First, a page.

Friday, October 2, 2009

Why I Practice Sabbath-Keeping

I am troubled by the fact that I have to schedule times with friends at least two, if not three weeks in advance to fit into each other’s schedules.

I am troubled by the fact that so many kids today live lives that are as heavily scheduled as many adults.

I am troubled when couples tell me that they often don’t get to reconnect with each other until after 10 at night.

I am troubled when single people tell me they don’t have time to date.

I am troubled when folks tell me that their work load is so great that they have to make a choice between attending a church meeting or coming to worship (a side note: if work is that demanding, always err on the side of attending worship).

I am troubled that all these technological devices which are supposed to allow us to work anywhere have resulted in us working everywhere.

I am troubled by all of this because many of us are going through life terribly off-balanced.

We are overloaded, overworked, overcommitted, overanxious, overextended and overwhelmed, .

I recently read a book by Steve and Mary Farrar that described the contemporary American lifestyle that contributes to overload as deficit living. They wrote, “Overloaded people live in deficit—emotional, relational, or spiritual. When our checking accounts are overdrawn, we experience immediate stress and pressure, don’t we? It sets off an adrenal rush to find a way to immediately cover that shortfall. But where do you find a surplus when you’re already short? Where do you get money when you’re completely out?

“It’s also possible to get overdrawn in life. When we are overwhelmed, we find ourselves living in deficit—emotional deficit, relational deficit, spiritual deficit. We get overdrawn in our relationships and overdrawn with our kids. We run out of currency—the emotional and relational “cash” that it takes to live life well. And before long we begin to get anxious and panicky, because we think there is no way out.”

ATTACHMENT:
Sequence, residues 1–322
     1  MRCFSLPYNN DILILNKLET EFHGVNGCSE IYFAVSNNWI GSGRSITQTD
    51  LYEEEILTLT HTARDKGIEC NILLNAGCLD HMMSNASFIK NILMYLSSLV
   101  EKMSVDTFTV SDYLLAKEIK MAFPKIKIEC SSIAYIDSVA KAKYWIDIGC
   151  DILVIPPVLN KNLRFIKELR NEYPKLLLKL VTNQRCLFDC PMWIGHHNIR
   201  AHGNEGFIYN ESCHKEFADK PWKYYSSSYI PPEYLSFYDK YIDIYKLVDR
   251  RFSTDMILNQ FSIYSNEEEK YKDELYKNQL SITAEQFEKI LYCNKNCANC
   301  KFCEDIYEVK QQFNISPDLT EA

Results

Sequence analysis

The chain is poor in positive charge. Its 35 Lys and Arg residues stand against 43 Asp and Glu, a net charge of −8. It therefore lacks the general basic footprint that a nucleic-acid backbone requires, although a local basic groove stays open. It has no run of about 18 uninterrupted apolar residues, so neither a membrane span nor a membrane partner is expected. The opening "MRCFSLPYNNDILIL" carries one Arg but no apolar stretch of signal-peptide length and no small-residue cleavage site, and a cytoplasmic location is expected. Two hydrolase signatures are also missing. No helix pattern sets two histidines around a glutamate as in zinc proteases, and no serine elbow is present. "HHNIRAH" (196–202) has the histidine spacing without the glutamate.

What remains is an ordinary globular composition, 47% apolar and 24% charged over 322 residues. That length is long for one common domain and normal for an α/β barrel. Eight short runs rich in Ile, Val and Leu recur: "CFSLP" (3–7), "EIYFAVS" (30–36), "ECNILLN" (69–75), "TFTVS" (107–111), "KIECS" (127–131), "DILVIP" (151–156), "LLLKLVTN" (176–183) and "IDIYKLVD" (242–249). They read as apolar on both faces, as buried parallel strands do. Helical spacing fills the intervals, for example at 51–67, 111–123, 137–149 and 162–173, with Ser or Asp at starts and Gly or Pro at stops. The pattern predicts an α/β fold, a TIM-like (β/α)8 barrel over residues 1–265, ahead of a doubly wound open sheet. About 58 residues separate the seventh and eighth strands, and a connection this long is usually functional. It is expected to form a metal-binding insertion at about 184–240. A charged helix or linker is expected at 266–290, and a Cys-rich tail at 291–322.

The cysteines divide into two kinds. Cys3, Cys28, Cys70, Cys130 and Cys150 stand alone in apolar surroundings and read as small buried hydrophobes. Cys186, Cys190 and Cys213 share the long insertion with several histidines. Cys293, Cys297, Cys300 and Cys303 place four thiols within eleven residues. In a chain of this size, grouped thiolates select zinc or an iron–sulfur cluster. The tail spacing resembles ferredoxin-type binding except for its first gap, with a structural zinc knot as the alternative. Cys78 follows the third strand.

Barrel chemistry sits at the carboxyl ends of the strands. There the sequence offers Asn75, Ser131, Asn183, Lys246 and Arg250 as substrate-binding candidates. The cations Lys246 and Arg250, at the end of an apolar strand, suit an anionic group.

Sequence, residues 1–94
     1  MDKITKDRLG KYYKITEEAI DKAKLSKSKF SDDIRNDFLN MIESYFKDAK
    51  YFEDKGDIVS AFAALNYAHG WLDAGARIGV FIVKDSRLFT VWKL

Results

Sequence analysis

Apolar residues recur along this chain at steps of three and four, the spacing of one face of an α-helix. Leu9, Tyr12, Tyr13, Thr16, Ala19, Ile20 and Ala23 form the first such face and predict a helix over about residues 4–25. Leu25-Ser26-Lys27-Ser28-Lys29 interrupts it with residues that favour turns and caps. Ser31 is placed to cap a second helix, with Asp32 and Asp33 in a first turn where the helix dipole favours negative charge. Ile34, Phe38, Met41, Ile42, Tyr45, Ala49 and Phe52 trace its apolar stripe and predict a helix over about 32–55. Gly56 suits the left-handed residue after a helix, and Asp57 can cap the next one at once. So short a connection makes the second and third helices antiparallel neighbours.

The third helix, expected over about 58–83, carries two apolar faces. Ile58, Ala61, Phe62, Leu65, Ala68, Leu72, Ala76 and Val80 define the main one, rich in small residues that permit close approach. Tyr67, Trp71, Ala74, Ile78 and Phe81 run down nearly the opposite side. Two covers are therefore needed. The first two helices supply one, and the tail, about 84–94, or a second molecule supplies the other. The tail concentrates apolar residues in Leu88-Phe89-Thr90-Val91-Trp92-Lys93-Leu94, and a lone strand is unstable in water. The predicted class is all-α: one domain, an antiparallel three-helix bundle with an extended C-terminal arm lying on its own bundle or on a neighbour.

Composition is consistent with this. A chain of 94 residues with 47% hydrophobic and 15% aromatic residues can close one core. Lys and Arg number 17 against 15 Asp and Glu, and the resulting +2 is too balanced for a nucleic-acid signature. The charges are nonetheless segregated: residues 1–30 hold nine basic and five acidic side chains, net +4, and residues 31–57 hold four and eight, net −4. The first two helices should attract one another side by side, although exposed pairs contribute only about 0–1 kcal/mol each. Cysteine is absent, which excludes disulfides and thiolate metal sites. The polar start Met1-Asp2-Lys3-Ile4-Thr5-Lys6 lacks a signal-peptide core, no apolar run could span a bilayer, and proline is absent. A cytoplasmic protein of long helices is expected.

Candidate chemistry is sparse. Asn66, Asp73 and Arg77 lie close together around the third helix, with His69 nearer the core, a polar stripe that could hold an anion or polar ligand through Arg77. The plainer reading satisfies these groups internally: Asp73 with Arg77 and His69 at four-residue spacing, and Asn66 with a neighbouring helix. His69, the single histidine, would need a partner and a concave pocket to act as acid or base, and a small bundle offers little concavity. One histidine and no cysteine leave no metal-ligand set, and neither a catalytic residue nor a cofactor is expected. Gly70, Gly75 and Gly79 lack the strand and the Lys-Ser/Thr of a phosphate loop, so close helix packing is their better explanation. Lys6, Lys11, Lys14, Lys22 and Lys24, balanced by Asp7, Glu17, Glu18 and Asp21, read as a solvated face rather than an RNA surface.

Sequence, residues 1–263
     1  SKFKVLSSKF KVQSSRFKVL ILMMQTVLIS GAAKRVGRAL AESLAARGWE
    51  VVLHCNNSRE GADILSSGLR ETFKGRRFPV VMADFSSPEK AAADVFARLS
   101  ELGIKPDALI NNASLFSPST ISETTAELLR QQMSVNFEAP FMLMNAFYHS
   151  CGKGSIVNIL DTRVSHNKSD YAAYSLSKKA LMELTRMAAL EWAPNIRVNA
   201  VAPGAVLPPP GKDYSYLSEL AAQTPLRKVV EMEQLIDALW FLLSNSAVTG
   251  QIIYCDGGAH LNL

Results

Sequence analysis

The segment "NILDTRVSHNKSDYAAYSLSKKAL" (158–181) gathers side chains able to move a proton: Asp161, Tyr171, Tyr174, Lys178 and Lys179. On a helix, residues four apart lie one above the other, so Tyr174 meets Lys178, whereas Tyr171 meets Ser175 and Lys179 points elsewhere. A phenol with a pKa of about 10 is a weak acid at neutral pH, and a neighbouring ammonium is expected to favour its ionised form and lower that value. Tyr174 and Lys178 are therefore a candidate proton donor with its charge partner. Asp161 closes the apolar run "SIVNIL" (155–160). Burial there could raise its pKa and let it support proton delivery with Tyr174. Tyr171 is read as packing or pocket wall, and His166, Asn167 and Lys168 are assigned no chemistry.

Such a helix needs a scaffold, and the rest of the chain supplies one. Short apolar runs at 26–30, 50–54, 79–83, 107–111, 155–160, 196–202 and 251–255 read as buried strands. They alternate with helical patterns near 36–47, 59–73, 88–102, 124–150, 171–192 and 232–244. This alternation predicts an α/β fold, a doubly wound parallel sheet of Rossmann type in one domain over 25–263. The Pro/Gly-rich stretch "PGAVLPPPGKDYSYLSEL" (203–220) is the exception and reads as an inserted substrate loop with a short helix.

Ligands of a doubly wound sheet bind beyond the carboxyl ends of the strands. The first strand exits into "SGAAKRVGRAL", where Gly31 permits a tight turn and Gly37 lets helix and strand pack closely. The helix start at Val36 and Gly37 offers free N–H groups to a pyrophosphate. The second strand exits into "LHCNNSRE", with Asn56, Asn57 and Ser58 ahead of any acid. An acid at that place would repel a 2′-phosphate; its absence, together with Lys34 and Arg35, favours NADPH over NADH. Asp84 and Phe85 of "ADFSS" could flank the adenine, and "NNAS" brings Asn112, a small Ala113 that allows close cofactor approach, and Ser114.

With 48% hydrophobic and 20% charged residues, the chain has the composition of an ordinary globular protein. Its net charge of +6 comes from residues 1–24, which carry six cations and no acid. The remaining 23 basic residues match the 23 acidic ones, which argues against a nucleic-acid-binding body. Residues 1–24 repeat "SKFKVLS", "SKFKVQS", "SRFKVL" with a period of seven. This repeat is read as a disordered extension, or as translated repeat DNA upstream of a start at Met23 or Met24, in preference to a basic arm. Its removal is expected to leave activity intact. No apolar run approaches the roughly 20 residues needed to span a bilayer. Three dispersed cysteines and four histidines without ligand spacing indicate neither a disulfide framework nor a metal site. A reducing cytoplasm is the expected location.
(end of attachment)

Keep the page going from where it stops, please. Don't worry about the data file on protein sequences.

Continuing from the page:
(from Overcoming Overload by Steve and Mary Farrar, Colorado Springs: Multnomah Books. 2003)

This deficit living is one reason why I try to observe a Sabbath every week. Sabbath is a time for me to unplug, keep my calendar empty, and do nothing that is even vaguely related to "have to" "must do" or "should do". Sabbath helps me breathe unconstricted, stretch my body and my soul, and relearn the rhythm of grace in my life again. Sabbath is a time of reconnection: with God, with those I love, with myself.

The weeks I fail to observe Sabbath, I feel as if I am running on empty and out of sync with myself and God. By keeping Sabbath, I ensure that in my busy, overextended life I have made room for God. And God never fails to show up in the midst of my Sabbath to sustain me the rest of the week.

Do you observe Sabbath?

What difference does it make in your life?

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